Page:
Serial killer Bruce McArthur plucked his victims from margins of society
Michelle McQuigge, The Canadian Press
Published Tuesday, February 5, 2019 4:33PM EST
Last Updated Tuesday, February 5, 2019 5:26PM EST
WARNING: This story contains graphic details that some readers may find disturbing.
TORONTO -- When Bruce McArthur chose to kill, he looked to the margins of society to find his prey.
While all eight of the men he admitted murdering had ties to Toronto's gay community, most of them were further isolated due to a combination of racial, cultural or economic factors.
As the facts surrounding McArthur's crimes came to light at the 67-year-old's sentencing hearing this week, those with ties to the communities his victims belonged to say it's time to explore the issues that made those men so vulnerable.
"It's really shone a huge spotlight," said Haran Vijayanathan, executive director of the Alliance for South Asian Aids Prevention. "It's allowing us to really see some of these major cracks that actually create unsafe environments for many of our marginalized people."
Vijayanathan, who has worked closely with friends and relatives of many of McArthur's victims, echoed language similar to what emerged in court when describing the men McArthur targeted.
A statement of fact presented at the sentencing hearing outlined the clear victim profile McArthur developed between when his killing streak began in 2010 and his arrest in 2018.
Six of his eight victims were of South Asian descent, often sharing physical characteristics such as beards. Many of the men kept their sexuality hidden from friends and family, pursuing homosexual encounters furtively using dating apps. Several also grappled with substance abuse, poverty, or unstable housing situations, court heard.
Crown lawyer Michael Cantlon said McArthur actively "sought out and exploited these vulnerabilities to continue his crimes undetected" -- an assessment shared by Vijayanathan.
Cultural attitudes towards homosexuality almost certainly played a role in keeping some of McArthur's victims isolated, Vijayanathan said.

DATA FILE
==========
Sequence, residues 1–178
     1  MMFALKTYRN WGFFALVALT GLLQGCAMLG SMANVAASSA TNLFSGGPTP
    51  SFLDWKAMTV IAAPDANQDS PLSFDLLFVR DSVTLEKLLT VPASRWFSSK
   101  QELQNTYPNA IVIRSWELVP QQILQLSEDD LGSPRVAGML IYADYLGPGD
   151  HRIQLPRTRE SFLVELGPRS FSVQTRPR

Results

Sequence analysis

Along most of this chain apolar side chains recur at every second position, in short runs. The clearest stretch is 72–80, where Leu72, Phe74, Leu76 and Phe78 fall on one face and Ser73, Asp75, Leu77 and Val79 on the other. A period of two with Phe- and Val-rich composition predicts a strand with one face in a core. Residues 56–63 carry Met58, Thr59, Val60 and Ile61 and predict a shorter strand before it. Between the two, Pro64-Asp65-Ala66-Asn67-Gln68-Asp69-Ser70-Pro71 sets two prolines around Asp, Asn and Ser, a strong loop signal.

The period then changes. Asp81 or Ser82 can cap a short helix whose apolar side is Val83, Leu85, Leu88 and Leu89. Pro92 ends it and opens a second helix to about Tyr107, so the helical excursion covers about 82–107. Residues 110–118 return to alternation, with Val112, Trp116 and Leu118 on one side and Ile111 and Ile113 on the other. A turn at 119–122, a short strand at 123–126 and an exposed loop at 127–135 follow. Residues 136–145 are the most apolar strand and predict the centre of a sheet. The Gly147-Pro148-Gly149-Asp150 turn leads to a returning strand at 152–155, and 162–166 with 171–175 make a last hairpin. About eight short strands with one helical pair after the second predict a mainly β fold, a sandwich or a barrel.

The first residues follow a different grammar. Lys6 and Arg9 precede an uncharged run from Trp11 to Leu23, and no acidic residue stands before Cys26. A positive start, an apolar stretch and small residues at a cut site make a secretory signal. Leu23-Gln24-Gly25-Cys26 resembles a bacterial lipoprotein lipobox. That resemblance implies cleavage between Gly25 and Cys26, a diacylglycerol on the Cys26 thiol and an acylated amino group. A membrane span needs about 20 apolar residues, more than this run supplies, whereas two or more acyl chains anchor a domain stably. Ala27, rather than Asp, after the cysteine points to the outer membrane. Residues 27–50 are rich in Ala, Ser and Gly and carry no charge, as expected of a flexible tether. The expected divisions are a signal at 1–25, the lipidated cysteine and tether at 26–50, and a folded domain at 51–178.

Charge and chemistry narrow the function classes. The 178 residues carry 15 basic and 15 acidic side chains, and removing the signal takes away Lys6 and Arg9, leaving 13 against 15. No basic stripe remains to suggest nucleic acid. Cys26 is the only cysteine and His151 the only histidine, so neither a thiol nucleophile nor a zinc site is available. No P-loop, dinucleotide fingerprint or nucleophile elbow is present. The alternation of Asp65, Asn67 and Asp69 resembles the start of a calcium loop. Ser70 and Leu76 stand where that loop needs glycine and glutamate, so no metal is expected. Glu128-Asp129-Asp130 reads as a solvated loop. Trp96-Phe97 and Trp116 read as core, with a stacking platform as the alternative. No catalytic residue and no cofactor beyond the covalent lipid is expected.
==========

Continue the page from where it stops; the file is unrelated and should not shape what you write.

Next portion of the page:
Those who grow up in cultures where homosexuality is heavily stigmatized often find themselves trying to manage the anxieties of family members and friends whose upbringing leaves them fearful that their loved ones' sexual orientation may place them in danger, Vijayanathan said.
Homosexuality is illegal in 77 countries and punishable by death in seven, according to the United Nations High Commissioner for Refugees.
Senior Resettlement Officer Michael Casasola said many of those identifying as LGBTQ are fleeing high levels of persecution and harassment, adding the organization frequently "prioritizes" such cases for resettlement in a country that offers stronger protections.
"Unfortunately they often find themselves in countries where they face detention, face persecution, face injustice because of their sexual orientation," he said.
Vijayanathan said many men yield to family pressure to marry women in order to mitigate the cultural stigma they face.
Such may have been the case for Abdulbasir Faizi and Soroush Mahmudi, both of whom had wives who offered emotional victim impact statements on Tuesday.
Another married Middle Eastern man known only as John was visiting McArthur's apartment in secret and was likely moments from becoming a ninth homicide victim when police arrested the former landscaper, court heard.
Another victim, Kirushnakumar Kanagaratnam, was further isolated from his family by virtue of being a Sri Lankan refugee claimant who came to Canada aboard the MV Sun Sea vessel in 2010.
Piranavan Thangavel, one of his fellow Sun Sea passengers, told court of how McArthur's actions have destroyed the sense of safety many refugees thought they'd found in Canada.
"For us now to hear of such a horrible death, we who live in this world as refugees feel like there is no safety for us anywhere in the world," he said in his victim impact statement. "Now, when we meet new people, talk to them or seek employment from them there is an untold fear in our hearts following this incident."
Vijayanathan said Kanagaratnam also had to grapple with precarious housing, a circumstance he shared with McArthur victims Selim Esen and Dean Lisowick.
Lisowick, whom Vijayanathan said worked in the sex trade in Toronto's gay village, was never reported missing after vanishing in 2016.
The disappearances of Skandaraj Navaratnam and Majeed Kayhan, which dated back to 2010 and 2012 respectively, generated little attention outside of the gay village where both were regulars.
Only the 2017 disappearance of Andrew Kinsman -- the only man not to match McArthur's established ethnic or socioeconomic victim profile -- triggered widespread attention. Court heard that a notation in Kinsman's calendar ultimately helped police focus their investigation on McArthur.
Vijayanathan said most of McArthur's victims fell into demographics that can be fearful of law enforcement, cut off from social supports and ostracized from society at large. Those factors, he said, likely played a direct role in their undetected disappearances and deaths.
"It's the homophobia, it's the classism that exists within Canadian society as well as racialized communities," he said. "All of those factors played in."